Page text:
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FaroeseEdit

Middle EnglishEdit

Etymology 1Edit

From Old English land, from Proto-Germanic *landą.

Alternative formsEdit

PronunciationEdit

  • IPA(key): /lɔːnd/, /land/, /lɔnd/, /laːnd/

NounEdit

lond (plural londes)

  1. An independent nation, country or realm.
  2. A tribe, folk or race; a ethnicity
  3. A land; territory or locality
    • a. 1400, Geoffrey Chaucer, “Book II”, in Troilus and Criseyde, line 22-28:
      Ȝe knowe ek that in fourme of ſpeche is chaunge / With-inne a thousand ȝeer, and wordes tho /That hadden pris now wonder nyce and ſtraunge /Us thenketh hem, and ȝet thei ſpake hem so / And ſpedde as wel in loue as men now do / Ek forto wynnen loue in ſondry ages / In ſondry londes, ſondry ben vſages []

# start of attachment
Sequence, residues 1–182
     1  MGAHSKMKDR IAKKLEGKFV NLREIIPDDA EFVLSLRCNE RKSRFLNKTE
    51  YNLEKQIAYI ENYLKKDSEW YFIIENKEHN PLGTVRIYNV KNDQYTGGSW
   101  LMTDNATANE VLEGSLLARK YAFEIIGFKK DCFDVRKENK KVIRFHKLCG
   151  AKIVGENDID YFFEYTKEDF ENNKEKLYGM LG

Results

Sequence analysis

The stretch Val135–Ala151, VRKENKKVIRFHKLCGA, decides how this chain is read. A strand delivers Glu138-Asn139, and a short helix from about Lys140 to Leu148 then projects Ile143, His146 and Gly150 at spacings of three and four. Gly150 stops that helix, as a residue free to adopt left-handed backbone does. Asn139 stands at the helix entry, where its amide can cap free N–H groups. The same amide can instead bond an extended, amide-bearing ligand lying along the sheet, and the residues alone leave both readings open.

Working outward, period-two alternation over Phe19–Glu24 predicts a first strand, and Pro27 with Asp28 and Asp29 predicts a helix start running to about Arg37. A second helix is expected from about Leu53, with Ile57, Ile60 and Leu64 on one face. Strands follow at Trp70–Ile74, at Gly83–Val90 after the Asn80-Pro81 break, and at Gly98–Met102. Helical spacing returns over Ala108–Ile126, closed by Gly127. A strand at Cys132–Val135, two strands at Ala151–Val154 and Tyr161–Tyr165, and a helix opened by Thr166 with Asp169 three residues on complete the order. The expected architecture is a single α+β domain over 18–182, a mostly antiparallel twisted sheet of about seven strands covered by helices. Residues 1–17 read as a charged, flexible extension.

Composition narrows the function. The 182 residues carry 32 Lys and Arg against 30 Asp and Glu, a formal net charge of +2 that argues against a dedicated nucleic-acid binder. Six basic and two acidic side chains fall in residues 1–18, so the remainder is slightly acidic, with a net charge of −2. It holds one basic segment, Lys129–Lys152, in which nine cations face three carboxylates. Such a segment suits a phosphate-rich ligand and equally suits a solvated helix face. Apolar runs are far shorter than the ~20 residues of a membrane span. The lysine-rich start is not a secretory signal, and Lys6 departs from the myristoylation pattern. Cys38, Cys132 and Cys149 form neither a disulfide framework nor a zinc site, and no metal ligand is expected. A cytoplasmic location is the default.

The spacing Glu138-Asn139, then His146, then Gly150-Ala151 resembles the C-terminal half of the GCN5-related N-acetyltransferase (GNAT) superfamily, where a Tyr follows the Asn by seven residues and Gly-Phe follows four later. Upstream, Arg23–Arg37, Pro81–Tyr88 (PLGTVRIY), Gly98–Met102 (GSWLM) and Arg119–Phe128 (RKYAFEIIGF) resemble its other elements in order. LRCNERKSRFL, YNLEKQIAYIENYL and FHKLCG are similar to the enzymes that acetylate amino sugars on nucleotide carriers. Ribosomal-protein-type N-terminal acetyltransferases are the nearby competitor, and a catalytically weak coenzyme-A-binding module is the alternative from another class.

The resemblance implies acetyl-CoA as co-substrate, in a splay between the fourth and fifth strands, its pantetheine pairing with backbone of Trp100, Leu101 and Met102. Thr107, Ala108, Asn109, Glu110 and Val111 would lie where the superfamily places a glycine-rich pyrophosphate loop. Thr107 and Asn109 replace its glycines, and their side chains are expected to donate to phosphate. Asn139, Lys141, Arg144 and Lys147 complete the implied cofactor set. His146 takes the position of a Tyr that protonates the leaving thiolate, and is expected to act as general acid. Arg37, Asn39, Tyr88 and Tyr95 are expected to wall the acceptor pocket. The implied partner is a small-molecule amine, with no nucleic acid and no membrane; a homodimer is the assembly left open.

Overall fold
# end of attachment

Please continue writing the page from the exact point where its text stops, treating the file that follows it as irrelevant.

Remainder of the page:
You also know that the form of language is in flux; / within a thousand years, words / that had currency; really weird and bizarre / they seem to us now, but they still spoke them / and accomplished as much in love as men do now. / As for winning love across ages and / across nations, there are lots of usages []
  4. A subdivision or province of a nation.
  5. A property; a plot of land.
  6. Agricultural land; land that is suitable for growing crops.
  7. Planet Earth; the world.
  8. The earth, ground, or soil (also as one of the medieval elements)
DeclensionEdit
Related termsEdit
DescendantsEdit
ReferencesEdit

Etymology 2Edit

From londe (noun).

VerbEdit

lond

  1. Alternative form of londen